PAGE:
Referee brandishes first ever green card in a football match 1 year ago

Referee brandishes first ever green card in a football match

This is a new one

The ConIFA cup has captured the hearts of football fans around the country over the past fortnight. The tournament, held in England this year, features states, minorities, stateless peoples and regions unaffiliated with FIFA and is held every two years.

And it has been groundbreaking in more ways than one. For the first time ever, a referee brandished a green card during a ConIFA cup match.

The "intermediate disciplinary measure" was used twice during a match between Padania and Tuvalu.

If a green card is brandished, it means the player must leave the field immediately, but he can be replaced by a substitute if his team have any left. It's effectively a half-way point between the yellow and red card, though surprisingly not orange.

Unlike a red card, a player who received a green card is not banned for his team's following fixture.

The idea behind it is to clamp down on dissent. The tournament organiser, Paul Watson, said "We'd really like to clamp down on the dissent problem. Football has a problem with the lack of respect for referees."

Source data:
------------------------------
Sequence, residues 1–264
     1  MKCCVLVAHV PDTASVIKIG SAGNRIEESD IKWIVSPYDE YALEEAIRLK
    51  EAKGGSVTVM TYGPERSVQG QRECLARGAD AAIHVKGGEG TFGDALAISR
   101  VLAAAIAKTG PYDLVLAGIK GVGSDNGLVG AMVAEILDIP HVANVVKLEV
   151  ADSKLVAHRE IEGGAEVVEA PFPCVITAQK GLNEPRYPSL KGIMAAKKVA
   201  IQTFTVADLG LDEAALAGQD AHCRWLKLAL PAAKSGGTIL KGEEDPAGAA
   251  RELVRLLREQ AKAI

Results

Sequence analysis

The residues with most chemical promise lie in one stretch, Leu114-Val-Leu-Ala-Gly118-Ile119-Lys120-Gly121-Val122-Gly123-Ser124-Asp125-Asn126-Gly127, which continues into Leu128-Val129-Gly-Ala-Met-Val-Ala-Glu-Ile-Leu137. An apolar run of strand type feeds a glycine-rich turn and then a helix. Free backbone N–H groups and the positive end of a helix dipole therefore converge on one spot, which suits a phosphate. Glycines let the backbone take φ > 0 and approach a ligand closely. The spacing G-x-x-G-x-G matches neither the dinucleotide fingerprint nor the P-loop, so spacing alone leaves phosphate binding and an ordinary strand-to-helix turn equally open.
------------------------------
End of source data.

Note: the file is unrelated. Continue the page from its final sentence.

"That's not to say that isn't also the case in Conifa games - the players in our tournament still have those traits.

"But it would be nice that, instead of it being ignored and therefore in a way condoned, it shouldn't necessarily cost someone their chance to play at this tournament, if they just lose their cool."

He continued: "That's not to say that isn't also the case in Conifa games - the players in our tournament still have those traits.

"But it would be nice that, instead of it being ignored and therefore in a way condoned, it shouldn't necessarily cost someone their chance to play at this tournament, if they just lose their cool."

Jens Jockel, Conifa's Asia president agreed, stating: "We have had some minor problems in the past, with some red cards at the end of a game...

"Mostly when teams realised they can't keep up and find themselves losing heavily with ten minutes left.

"It's a really good idea of how to sanction things that might not be worthy of a red card.

"More like personal mistakes - using swear words, disrespecting spectators and coaches and so on. It's a perfect way to find something in between."